The Bolton publishing fracas is a swamp game that needs to end
Having failed to knock President Trump from office, former national security adviser John Bolton is working on a second swing at the president, this time with the release of his tell-all memoirs just ahead of elections. He's running into interference from the White House, however, which is raising questions as to whether "public service" should always entitle an official to hold a policy sword over the president's head or make a big bundle of cash.
According to the Wall Street Journal:
The U.S. on Tuesday filed a breach-of-contract lawsuit against former national security adviser John Bolton, seeking to delay the publication of his book, which the suit alleges contains classified information that could compromise national security.
The lawsuit, filed by the Justice Department and the U.S. attorney's office in Washington, accuses Mr. Bolton of breaching the contract he signed as a condition of his employment and to access classified information. The suit marked the latest effort by the Trump administration to block the publication of "The Room Where It Happened" — set for June 23 — which is expected to be harshly critical of President Trump.
"We are reviewing the Government's complaint and will respond in due course," said Mr. Bolton's lawyer, Charles Cooper.
The book's publisher, Simon & Schuster, said in a statement Tuesday that the lawsuit is "nothing more than the latest in a long running series of efforts by the Administration to quash publication of a book it deems unflattering to the President."
The press is framing the issue as one of transparency, and Trump being a dictator. Bolton is using the controversy to gin up sales — everyone is now supposed to think there must be something really juicy inside, so buy the book.
The reality is, book publishing by people with high classified security clearances has always been a matter of contentious disputes. In most cases, the argument is about over-classification of material, but it's often about claims of suppressing whistleblowers, too. The Frank Snepp Decent Interval book case of 1977, the 1974 Victor Marchetti and John D. Marks book The CIA and the Cult of Intelligence case, and a couple of others were all in these categories. There also was the repulsive case of apparent CIA double agent, or traitor agent Philip Agee, who got his jollies from publishing the names of CIA officers for the benefit of his communist masters, actually getting one of them killed. His 1975 CIA memoir was called Inside the Company: A CIA Diary, which was effectively aid to the enemy disguised as whistleblowing. Agee spent his last years in Caracas and died a miserable death in Havana in 2008, like his buddy Hugo Chávez, a victim of Castrocare.
With Bolton, it's simply about taking out the president. The Trumpsters can see this, which is why they are hurling the "classified" weapon. In the Journal article, Trump officials marveled at how quickly Bolton got the book done — almost as if he had been writing "dear diary" every night after work. And Trump said he gave Bolton "a break" in hiring him, which has got to make them mad. We never saw this sort of thing with those last CIA memoir disputes.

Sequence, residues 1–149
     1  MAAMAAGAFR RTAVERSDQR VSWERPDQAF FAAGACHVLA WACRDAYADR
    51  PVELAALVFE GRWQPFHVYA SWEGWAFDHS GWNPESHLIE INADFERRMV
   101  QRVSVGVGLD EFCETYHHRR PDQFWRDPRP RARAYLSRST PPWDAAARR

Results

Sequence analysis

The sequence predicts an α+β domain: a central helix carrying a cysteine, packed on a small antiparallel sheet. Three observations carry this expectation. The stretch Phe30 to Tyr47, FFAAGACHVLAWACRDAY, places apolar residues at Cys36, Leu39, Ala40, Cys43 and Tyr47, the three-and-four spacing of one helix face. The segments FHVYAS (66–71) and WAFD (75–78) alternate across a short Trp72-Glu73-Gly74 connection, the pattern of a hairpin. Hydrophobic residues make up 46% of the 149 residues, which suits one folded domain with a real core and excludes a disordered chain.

Vindictive or not, protective of secrets or not, the bottom line to the rest of us is that presidential appointments to some are now seen as money-making opportunities, not chances to serve the country. Book publishing has long been a conduit to launder such "earnings" — the money the Obamas have raked in since leaving the presidency is a recent example. It seems to have gotten off the ground from the example of Russian "reform" premier Anatoli Chubais, an old Clinton ally, whose $450,000 book deal pretty well killed off popular support for free-market reforms in Russia.
It's an established swamp game, and anyone who lands a White House appointment now gets a publishing kickback if he wants one.
How exactly does this setup serve the country? How does it serve the president who appoints these people, only to see them hold those profits for themselves as a primary aim and the blackmail potential to the president as another? Do as I say or read my tell-all book?
Trump's fight against these ungrateful officials seems feeble, indeed, with the use of the too-much-classified-information argument. The problem is one of character and a system that seems set up to reward this kind of mercenary behavior. It doesn't serve Trump, but more importantly, it doesn't serve us, to see the person we elected always fighting for his political life. There probably ought to be a law out that public service needs to be public service, and any of this service as a means of memoir-profiteering needs to end. In any case, the country is ill served by self-serving swamp things whose first priority is to use their public office as a means to undercut leaders they don't like and, worse still, feed at the trough.
Caricature by DonkeyHotey via Flickr.